Boundary amenability of groups via ultrapowers

Speaker: 

Isaac Goldbring

Institution: 

UC Irvine

Time: 

Tuesday, October 24, 2017 - 1:00pm to 2:00pm

Location: 

RH 440R

A (countable discrete) group $\Gamma$ acting on a compact space $X$ is said to act \emph{amenably} if there is a continuous net $(\mu_n^x)$ of probability measures indexed by the points of $X$ that are almost invariant under the action of $\Gamma$. For example, $\Gamma$ is amenable if and only if it acts amenably on a one-point space. The protoypical example of a boundary amenable non-amenable group is a non-abelian free group. More generally, if acts properly, isometrically, and transitively on a tree, then $\Gamma$ is boundary amenable. In this talk, I will present a construction of the Stone-Cech compactification of a locally compact space using C*-algebra ultrapowers that allows one to give a slick proof of the aforementioned result. This construction is motivated by the open question as to whether or not Thompson’s group is boundary amenable and I will also discuss the optimistic thought that this construction could be used to settle that problem.

On self-similar sets with overlaps and inverse theorems for entropy III

Speaker: 

Yuki Takahashi

Institution: 

UC Irvine

Time: 

Tuesday, May 2, 2017 - 1:00pm to 2:00pm

Location: 

RH 440R

We discuss an inverse theorem on the structure of pairs of discrete probability measures which has small amount of growth under convolution, and apply this result to self-similar sets with overlaps to show that if the dimension is less than the generic bound, then there are superexponentially close cylinders at all small enough scales. The results are by M.Hochman.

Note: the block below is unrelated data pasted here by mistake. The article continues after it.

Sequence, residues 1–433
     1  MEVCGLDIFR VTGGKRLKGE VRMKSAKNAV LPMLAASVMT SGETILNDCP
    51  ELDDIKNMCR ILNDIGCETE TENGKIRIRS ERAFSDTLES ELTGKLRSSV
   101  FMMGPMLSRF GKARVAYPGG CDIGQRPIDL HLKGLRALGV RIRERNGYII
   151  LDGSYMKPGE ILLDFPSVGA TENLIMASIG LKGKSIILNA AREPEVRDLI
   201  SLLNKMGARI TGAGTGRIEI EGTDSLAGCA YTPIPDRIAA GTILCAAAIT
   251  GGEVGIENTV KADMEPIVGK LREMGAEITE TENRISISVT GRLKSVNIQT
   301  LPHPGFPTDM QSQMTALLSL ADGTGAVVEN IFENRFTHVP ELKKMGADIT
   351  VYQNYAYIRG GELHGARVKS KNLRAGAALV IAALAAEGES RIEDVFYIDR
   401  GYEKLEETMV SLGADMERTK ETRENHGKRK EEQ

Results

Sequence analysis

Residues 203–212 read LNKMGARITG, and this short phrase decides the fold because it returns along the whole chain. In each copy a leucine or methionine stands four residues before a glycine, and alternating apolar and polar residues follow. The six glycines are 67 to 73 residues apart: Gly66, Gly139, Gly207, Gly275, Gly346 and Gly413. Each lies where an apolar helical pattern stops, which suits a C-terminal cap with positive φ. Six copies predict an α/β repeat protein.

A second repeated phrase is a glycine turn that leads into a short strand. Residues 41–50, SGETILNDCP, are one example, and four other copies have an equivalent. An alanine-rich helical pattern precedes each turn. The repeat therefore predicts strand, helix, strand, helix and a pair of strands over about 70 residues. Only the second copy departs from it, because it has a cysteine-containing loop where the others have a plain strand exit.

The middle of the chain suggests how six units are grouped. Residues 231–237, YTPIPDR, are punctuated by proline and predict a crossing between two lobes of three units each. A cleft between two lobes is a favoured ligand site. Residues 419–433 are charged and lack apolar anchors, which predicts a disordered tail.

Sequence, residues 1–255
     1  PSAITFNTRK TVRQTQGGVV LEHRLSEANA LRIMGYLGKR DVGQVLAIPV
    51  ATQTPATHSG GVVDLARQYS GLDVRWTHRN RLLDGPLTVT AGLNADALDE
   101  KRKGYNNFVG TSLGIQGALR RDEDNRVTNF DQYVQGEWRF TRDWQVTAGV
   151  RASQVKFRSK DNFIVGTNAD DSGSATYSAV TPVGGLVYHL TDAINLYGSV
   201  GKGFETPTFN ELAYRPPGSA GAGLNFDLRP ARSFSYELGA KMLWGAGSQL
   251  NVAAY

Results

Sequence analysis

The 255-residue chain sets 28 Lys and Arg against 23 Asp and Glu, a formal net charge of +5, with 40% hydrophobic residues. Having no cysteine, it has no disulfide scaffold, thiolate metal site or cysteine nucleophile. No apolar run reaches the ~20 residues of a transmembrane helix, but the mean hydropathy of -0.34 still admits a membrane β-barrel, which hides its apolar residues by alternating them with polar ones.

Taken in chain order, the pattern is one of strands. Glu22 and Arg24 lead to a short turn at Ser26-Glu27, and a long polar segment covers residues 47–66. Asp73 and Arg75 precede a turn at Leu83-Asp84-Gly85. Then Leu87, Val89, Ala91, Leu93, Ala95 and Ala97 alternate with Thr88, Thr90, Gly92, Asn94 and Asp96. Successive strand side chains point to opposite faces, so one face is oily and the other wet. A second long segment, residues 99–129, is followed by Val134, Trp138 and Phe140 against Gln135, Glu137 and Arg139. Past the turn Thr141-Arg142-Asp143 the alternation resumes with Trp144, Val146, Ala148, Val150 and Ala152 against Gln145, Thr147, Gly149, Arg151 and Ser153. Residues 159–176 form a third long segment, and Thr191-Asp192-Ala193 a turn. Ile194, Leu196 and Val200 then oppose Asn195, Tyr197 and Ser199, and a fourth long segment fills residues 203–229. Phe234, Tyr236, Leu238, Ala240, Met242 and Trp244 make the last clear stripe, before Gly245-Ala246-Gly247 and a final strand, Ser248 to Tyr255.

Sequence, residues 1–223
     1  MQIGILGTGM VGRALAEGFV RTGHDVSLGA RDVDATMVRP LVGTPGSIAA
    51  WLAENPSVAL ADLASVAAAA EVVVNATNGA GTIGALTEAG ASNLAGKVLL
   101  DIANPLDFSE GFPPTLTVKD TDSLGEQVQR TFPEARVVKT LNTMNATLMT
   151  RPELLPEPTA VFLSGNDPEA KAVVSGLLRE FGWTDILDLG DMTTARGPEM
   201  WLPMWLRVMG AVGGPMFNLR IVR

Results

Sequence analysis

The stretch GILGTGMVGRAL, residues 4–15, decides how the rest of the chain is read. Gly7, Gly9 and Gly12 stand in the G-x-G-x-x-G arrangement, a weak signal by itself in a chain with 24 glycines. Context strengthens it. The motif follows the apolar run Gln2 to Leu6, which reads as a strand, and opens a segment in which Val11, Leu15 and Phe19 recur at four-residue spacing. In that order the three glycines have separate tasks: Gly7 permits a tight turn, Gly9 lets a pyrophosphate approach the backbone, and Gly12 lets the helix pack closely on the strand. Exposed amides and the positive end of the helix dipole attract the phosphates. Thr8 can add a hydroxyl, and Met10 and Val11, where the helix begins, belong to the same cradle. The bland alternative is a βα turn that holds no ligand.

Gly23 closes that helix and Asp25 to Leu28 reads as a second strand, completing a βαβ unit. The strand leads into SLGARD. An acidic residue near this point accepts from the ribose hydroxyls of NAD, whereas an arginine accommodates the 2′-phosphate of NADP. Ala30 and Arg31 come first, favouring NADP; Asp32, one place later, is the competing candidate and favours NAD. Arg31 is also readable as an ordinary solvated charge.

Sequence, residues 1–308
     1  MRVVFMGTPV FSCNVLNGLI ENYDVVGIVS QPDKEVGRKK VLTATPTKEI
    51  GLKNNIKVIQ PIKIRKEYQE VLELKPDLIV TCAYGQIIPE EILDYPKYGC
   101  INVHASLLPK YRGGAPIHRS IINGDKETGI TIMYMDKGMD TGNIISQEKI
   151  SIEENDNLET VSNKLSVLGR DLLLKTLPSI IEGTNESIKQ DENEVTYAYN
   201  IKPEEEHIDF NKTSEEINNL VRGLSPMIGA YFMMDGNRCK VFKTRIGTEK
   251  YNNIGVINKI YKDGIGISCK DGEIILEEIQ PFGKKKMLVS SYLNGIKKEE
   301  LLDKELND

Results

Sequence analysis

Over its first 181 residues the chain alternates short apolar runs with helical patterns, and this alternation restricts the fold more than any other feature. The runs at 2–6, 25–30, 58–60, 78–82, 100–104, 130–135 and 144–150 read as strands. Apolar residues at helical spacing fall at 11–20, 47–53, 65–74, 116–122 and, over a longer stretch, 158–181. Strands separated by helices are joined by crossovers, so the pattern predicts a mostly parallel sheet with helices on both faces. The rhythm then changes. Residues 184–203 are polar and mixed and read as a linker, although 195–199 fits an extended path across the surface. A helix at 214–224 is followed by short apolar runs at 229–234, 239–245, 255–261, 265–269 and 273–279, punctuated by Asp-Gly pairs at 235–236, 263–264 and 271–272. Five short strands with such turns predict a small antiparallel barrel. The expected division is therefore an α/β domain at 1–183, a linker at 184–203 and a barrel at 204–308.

Interacting Polya urns (on joint works with Christian Hirsch and Mark Holmes)

Speaker: 

Victor Kleptsyn

Institution: 

Universite Rennes 1, CNRS

Time: 

Tuesday, April 11, 2017 - 1:00pm to 2:00pm

Host: 

Location: 

RH 440R

In the classical Polya’s urn process, there are balls of different colors in the urn, and one step of the process consists of taking out a random ball and it putting back together with one more ball of the same color. ("Ask a friend whether he’s using is A or B, and buy the same".)

It also can be modified by saying that the reinforcement probability is proportional not to the number of balls of a given color, but to its power $\alpha$, and the asymptotic behaviour for $\alpha=1$, $\alpha>1$ and for $\alpha<1$ are quite different.

The talk will be devoted to the model of interacting urns : at each moment, there is a competition for reinforcement between randomly chosen subset of colours; for a real-life analogue, one can consider companies competing on different markets (one company produces toys and computers, another sells computers and cars, etc.).

We will describe possible types of the limit behaviour of such model for different values of $\alpha$; it turns out that what happens for $\alpha>>1$ is quite different from $\alpha=1$, and both are quite interesting (this is a joint work with Christian Hirsch and Mark Holmes).

Domino tilings and determinantal formulas

Speaker: 

Victor Kleptsyn

Institution: 

Universite Rennes 1, CNRS

Time: 

Tuesday, April 4, 2017 - 10:00am to 11:00am

Host: 

Location: 

NS2 1201

Given a planar domain on the rectangular grid, how many ways are there of tiling it by dominos (that is, by 1x2 rectangles)? And how does a generic tiling of a given domain look like?

It turns out that these questions are related to the determinants-based formulas, and that likewise formulas appear in many similar situations. In this direction, one obtains the famous arctic circle theorem, describing the behaviour of a generic domino tiling of an aztec diamond, and a statement for the lozenges tilings on the hexagonal lattice, giving the shape of a corner of a cubic crystal.

On self-similar sets with overlaps and inverse theorems for entropy II

Speaker: 

Yuki Takahashi

Institution: 

UC Irvine

Time: 

Tuesday, April 25, 2017 - 1:00pm to 2:00pm

Location: 

RH 440R

We discuss an inverse theorem on the structure of pairs of discrete probability measures which has small amount of growth under convolution, and apply this result to self-similar sets with overlaps to show that if the dimension is less than the generic bound, then there are superexponentially close cylinders at all small enough scales. The results are by M.Hochman. 

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